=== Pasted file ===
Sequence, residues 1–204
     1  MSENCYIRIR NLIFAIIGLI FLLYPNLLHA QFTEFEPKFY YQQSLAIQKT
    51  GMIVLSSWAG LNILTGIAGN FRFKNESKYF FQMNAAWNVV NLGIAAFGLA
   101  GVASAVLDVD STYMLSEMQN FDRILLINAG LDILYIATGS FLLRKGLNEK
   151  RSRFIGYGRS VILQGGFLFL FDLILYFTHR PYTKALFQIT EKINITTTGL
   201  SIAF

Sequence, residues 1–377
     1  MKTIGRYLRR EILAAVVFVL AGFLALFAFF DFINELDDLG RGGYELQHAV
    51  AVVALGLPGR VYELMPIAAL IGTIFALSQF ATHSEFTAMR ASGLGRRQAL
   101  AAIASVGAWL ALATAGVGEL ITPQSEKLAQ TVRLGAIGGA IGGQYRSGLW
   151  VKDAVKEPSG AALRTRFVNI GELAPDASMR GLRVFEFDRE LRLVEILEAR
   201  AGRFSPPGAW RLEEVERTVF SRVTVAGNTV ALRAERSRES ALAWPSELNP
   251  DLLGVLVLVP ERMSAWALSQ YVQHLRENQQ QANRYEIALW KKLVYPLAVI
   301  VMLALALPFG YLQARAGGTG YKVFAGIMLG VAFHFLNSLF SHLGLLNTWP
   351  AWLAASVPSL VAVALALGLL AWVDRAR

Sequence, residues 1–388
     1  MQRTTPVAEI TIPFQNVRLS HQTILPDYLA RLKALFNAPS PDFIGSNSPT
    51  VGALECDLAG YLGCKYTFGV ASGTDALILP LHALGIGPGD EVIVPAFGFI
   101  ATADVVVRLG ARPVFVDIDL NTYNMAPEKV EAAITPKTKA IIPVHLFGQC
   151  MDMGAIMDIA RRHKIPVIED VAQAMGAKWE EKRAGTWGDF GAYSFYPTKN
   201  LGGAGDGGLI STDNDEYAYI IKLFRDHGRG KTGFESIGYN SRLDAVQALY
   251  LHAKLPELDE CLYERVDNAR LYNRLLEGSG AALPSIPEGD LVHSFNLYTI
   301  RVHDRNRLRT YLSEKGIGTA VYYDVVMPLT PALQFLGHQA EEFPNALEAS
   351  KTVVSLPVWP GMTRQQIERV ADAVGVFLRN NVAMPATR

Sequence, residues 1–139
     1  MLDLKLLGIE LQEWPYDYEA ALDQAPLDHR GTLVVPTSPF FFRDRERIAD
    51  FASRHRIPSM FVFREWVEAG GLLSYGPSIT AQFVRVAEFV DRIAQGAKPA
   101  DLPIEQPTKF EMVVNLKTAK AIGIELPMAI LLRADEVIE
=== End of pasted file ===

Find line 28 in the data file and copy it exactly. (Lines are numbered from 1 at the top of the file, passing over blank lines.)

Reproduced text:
   101  DLPIEQPTKF EMVVNLKTAK AIGIELPMAI LLRADEVIE